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Marcus A. Tius, PhD, MS

Marcus A. Tius, PhD, MS
  • Associate Member
    Cancer Biology Program
    University of Hawaii Cancer Center
  • University of Hawaii Cancer Center Special
    Liaison to University of Hawaii at Manoa
  • Joanna L. Sullivan Distinguished Professor in Cancer Research
    University of Hawaii Cancer Center
  • Academic Appointments

  • Professor
    Chemistry, College of Natural Sciences
    University of Hawaii at Manoa


  • PhD, MS, Chemistry
    Harvard University

Research Focus

The focus of the research is in the area of organic synthesis, much of which has a cancer focus. Organic synthesis plays a pivotal role in drug discovery and also provides many of the tools for probing the molecular mechanisms of biochemical pathways. Most chemotherapeutic agents in current use against cancer are semisynthetic (e.g. taxol) or are completely synthetic (e.g. 5-fluorouracil). Even when the initial lead compound is a natural product, as it is in the case of taxol, the optimal drug often requires one or more chemical modifications. Organic synthesis is always required to determine the structural features of a drug molecule that are essential for activity, and is often necessary to elucidate the mechanism of action.

The Tius group does several kinds of research. (1) New methods development for efficient synthesis of natural products; (2) Application of these methods to the synthesis of natural products that have some cancer-relevant activity; (3) Collaboration with medicinal chemists and cancer biologists to develop new synthetic small molecules that may serve as leads for drug development. Areas of special interest are the synthesis and medicinal chemistry of cannabinoids, primarily classical-nonclassical hybrid structures, and the development of new versions of the Nazarov cyclization. A long-term collaboration with Dr. Alex Makriyannis (Director, Center for Drug Discovery, Northeastern University) has resulted in the discovery of new, selective, small molecule cannabinoid ligands. The CB2 cannabinoid receptor is implicated in immune regulation and CB2 antagonists up-regulate myeloid-derived suppressor cells leading to tumor suppression.

A scale-able synthesis of both enantiomers of rocaglamide, a plant-derived cytostatic small molecule, was recently completed making use of a palladium-catalyzed asymmetric cyclization reaction developed within the Tius group. Other variants of the asymmetric Nazarov cyclization discovered in the Tius group reaction have been used to prepare terpestacin, an anti-angiogenic natural product, and also a series of analogs.The Tius group collaborates with the groups of Dr. Joe Ramos (UH Cancer Center, rocaglamide) and Dr. James Turkson (UH Cancer Center, STAT3 inhibitors).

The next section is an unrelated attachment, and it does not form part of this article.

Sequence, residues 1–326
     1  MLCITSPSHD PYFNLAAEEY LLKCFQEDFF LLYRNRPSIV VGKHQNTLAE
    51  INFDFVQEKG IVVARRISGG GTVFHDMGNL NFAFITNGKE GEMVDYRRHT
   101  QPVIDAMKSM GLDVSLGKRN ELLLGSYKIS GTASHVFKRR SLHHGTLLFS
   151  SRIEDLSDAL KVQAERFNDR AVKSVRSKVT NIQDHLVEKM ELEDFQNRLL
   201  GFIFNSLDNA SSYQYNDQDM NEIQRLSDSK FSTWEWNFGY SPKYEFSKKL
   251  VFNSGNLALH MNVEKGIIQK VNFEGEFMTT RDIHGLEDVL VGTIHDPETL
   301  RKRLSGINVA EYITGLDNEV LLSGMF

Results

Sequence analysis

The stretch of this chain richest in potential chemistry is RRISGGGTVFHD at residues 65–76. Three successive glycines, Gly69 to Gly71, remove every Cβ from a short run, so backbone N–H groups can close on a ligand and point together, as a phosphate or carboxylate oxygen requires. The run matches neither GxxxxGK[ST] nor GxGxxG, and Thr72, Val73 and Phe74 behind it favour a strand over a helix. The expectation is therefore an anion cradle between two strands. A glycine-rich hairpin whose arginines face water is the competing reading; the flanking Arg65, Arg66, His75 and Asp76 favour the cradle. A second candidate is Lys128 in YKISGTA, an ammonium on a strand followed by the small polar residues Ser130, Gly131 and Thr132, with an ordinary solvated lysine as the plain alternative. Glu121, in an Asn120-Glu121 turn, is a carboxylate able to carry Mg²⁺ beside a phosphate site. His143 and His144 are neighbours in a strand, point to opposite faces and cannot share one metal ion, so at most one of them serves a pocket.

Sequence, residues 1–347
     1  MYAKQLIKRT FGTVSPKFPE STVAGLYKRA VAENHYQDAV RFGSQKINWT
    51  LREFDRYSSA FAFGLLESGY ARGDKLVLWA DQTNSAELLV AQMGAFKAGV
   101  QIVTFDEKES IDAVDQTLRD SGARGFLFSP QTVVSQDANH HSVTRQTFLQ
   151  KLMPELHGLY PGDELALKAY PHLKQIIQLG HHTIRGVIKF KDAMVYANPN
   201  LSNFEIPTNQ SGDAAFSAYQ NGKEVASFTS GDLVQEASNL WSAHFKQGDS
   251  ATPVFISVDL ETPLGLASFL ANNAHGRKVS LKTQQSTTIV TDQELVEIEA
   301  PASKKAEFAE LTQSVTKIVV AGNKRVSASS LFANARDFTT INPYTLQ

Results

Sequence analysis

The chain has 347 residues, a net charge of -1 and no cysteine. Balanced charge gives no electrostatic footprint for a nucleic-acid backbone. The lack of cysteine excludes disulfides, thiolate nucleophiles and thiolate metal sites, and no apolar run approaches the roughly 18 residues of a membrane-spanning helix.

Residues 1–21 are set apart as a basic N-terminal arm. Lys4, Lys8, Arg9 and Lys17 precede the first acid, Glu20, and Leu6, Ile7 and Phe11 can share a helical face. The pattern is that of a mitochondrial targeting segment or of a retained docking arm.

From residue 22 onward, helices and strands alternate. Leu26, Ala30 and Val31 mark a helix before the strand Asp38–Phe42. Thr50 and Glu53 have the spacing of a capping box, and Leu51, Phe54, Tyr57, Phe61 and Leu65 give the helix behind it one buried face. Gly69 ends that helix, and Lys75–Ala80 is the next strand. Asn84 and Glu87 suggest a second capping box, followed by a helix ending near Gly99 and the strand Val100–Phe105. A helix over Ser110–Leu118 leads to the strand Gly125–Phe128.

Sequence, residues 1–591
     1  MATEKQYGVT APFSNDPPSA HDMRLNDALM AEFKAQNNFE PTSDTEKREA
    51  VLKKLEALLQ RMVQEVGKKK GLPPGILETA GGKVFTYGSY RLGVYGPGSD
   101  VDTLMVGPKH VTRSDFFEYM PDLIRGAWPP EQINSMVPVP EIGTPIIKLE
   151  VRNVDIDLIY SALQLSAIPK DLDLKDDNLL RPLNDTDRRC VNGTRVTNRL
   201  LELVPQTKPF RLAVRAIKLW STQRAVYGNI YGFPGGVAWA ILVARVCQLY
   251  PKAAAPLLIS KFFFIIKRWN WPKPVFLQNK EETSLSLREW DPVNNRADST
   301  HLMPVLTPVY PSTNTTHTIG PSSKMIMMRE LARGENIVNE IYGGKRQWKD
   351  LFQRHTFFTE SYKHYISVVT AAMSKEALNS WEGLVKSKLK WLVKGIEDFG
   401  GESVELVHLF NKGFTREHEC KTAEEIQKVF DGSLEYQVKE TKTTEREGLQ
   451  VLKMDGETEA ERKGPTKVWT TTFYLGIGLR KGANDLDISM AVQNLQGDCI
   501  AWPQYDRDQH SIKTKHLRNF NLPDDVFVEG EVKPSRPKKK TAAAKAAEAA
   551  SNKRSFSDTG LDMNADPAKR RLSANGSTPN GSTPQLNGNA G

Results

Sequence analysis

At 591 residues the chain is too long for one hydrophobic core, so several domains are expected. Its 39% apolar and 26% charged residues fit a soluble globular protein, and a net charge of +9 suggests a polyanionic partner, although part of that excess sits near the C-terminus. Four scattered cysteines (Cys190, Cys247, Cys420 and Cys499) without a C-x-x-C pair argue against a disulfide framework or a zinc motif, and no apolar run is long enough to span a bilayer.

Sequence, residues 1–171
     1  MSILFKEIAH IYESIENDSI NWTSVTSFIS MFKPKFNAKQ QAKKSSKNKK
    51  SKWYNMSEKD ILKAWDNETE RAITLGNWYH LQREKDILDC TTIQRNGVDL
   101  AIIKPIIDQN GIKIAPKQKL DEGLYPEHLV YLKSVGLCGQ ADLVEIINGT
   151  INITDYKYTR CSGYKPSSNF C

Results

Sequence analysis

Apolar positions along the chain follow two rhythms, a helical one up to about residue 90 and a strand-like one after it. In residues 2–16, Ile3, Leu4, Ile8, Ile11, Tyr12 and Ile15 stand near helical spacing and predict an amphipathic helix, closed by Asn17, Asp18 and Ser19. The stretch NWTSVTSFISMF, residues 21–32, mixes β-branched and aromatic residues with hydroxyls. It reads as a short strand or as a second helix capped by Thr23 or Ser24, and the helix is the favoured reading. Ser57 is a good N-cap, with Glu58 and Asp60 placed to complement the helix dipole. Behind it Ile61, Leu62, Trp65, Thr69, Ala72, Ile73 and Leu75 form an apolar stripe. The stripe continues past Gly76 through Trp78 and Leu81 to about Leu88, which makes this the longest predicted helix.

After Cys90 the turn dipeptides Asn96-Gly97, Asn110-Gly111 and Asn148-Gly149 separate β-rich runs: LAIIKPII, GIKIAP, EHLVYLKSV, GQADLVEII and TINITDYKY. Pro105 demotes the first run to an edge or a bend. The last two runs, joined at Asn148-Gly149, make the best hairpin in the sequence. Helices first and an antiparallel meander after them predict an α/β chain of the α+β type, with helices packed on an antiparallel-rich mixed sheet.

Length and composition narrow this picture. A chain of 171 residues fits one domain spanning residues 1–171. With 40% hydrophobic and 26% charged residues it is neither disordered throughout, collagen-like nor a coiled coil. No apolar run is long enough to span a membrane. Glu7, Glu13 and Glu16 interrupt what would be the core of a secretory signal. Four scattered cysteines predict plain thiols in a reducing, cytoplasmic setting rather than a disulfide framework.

Selected Publications

  • Zhou Z, Dixon DD, Jolit A, Tius MA. (2016). The Evolution of the Total Synthesis of Rocaglamide, Chem Eur J, 22, 15929–15936. DOI: 10.1002/chem.201603312.
  • Yue P, Lopez-Tapia F, Paladino D, Li Y, Chen C-H, Namanja AT, Hilliard T, Chen Y, Tius MA, Turkson J. (2016). Hydroxamic Acid and Benzoic Acid-Based STAT3 Inhibitors Suppress Human Glioma and Breast Cancer Phenotypes In Vitro and In Vivo. Cancer Res, 76, 652-663. DOI:10.1158/0008-5472.CAN-14-3558.
  • Zhou Z, Tius MA. (2015). Synthesis of Each Enantiomer of Rocaglamide by Means of a Pd(0)-Catalyzed Nazarov-Type Cyclization. Angew Chem Int Ed, 54, 6037-6040. DOI: 10.1002/anie.201501374R1 and 10.1002/ange.201501374R1.
  • Kitamura K, Shimada N, Stewart C, Atesin A, AteĹźin TA, Tius MA. (2015). Enantioselective Palladium(0)-Catalyzed Nazarov-type Cyclization. Angew Chem Int Ed, 54, 6288-6291. DOI: 10.1002/anie.201500881R1 and 10.1002/ange.201500881R1.
  • Jolit A, Walleser PM, Yap GPA, Tius MA. (2014). Catalytic Enantioselective Nazarov Cyclization: Construction of Vicinal All-Carbon Atom Quaternary Stereocenters. Angew Chem Int Ed, 53, 6180-6183.
  • Jolit A, Vazquez-Rodriguez S, Yap GPA, Tius MA. (2013). Diastereospecific Nazarov Cyclization of Fully Substituted Dienones: Vicinal All-Carbon Atom Quaternary Stereocenters. Angew Chem Int Ed, 52, 11102-11105.

Publication list via PubMed